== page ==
Finance Globe

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Save on Your Heating Costs

Save on Your Heating Costs

Cooler weather may be a welcome change from the summer's heat, but it won't be long before you'll need to crank up your home's heating system. Now is the time to get prepared and check that everything is working properly so you'll be cozy at home when it turns cold outside.

Maximize your heating system's efficiency. Vacuum your air vents, clean or replace your furnace filter every month, and clear debris such as leaves, dirt, and grass clippings from around your heat pump. Inspect duct work and check for loose connections, and check that air is coming from all the vents in the home.  Schedule annual preventative maintenance before it gets too cold out - the longer you wait the busier HVAC professionals will be, and you'll probably find there's a long waiting list when it's freezing outside. Also, switch your ceiling fans to run clockwise at low speed in the cooler months. This produces a gentle updraft and will push warmer air down from the ceiling. Adjust your thermostat after the fans are running.

Drop the temperature. Use a programmable digital thermostat to automatically adjust to a lower temperature when you're not there or are sleeping. Pull the cold-weather clothing from the back of your closet and start wearing your favorite cozy sweaters and wool socks. Whether you're indoors or outdoors, wearing only a thin t-shirt with a heavy coat can mean you're quickly either too cold or too hot. Dress in multiple light layers - it will be easy to remove or add a layer throughout the day to fine-tune your comfort. At night stay comfortable snuggled under your blankets in colder temperatures - use a fuzzy, fleecy blanket or two under your comforter to add insulation.

Seal leaks around the home. Re-caulk the areas that need it and replace worn, cracked, dry-rotted, or crumbly weather-stripping. Cold air seeps in from the smallest of cracks - put your face close to doors and windows to see if you can feel cold air coming in. Any visible daylight coming in from around a closed door means there's a big gaping hole to let the winter air in. Canned foam insulation works well for larger areas such as holes where pipes come into the house. Add foam insulators behind electrical outlets and light switches. Close the fireplace damper when you're not burning and consider getting a glass fireplace door.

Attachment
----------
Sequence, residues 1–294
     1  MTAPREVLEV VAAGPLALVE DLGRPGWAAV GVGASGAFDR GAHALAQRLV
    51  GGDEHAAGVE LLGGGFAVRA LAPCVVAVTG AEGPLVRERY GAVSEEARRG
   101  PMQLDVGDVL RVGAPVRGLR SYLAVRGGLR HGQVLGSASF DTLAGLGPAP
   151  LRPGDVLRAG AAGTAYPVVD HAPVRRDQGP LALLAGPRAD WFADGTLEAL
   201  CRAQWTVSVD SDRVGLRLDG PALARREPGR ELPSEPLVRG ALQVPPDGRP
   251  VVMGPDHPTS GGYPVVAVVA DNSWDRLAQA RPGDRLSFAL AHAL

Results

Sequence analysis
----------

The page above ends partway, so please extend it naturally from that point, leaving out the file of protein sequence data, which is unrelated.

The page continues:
Add insulation if needed.  Whatever kind of insulation you currently have, an easy way to see if you have enough is to look across the attic. If you can see the floor joists in your attic, your home would likely benefit from some additional insulation. If you can't see the joists, you probably have enough and it would not be cost-effective to add more. Also, weather-strip and insulate the attic access door to keep cold air from seeping in.

Keep the cold from coming through your windows. Put up insulated curtains. Keep them closed during cold days and nights to save your heating system from working overtime. On sunny, milder days, open the curtains to take advantage of solar heat through the windows. Also, if you have old, drafty windows, consider installing plastic shrink-wrap film insulation. Of course it's not as good as new double-glazed windows, but it works fairly well for the relatively cheap cost if you're not ready to upgrade your windows. And in the coldest of regions, it can be worthwhile to use the film barrier on modern energy-efficient windows as an extra barrier.

Increase the humidity levels in your home. Your home may benefit from higher humidity levels in the winter since the indoor air is being dried out by your heating system. Humid air feels warmer than dry air at the same temperature, so you may find that you're quite comfortable at a lower temperature if you increase the humidity levels. You can increase the humidity in your home by using a humidifier, keeping your houseplants well-watered, or opening the windows on warm, rainy days. Or instead of running the vent during showers, keep the door open with a fan blowing so steam can travel through the house. In addition to saving on your heating bill, you'll likely spend less on lotions and potions to deal with dry skin, sore throats, and chapped lips. Just be sure not to let it get so humid that it causes mildew and mold problems in the home.

 

 

Sources:

Energy.gov

Enerystar.gov

Understanding Self-Employment Tax
What are the Benefits of a Mortgage?
 

Comments 1

Frank on Tuesday, 29 September 2015 10:28

Great information Mary. I would also add:

1) Add blankets to the bed
2)Using your ceiling fan. Many people think fans only cool down, but if you use your ceiling fan at a low speed, letting it spin clockwise, the warm air trapped at the ceiling will circulate the room.

Great information Mary. I would also add: 1) Add blankets to the bed 2)Using your ceiling fan. Many people think fans only cool down, but if you use your ceiling fan at a low speed, letting it spin clockwise, the warm air trapped at the ceiling will circulate the room.
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Tuesday, 15 October 2019

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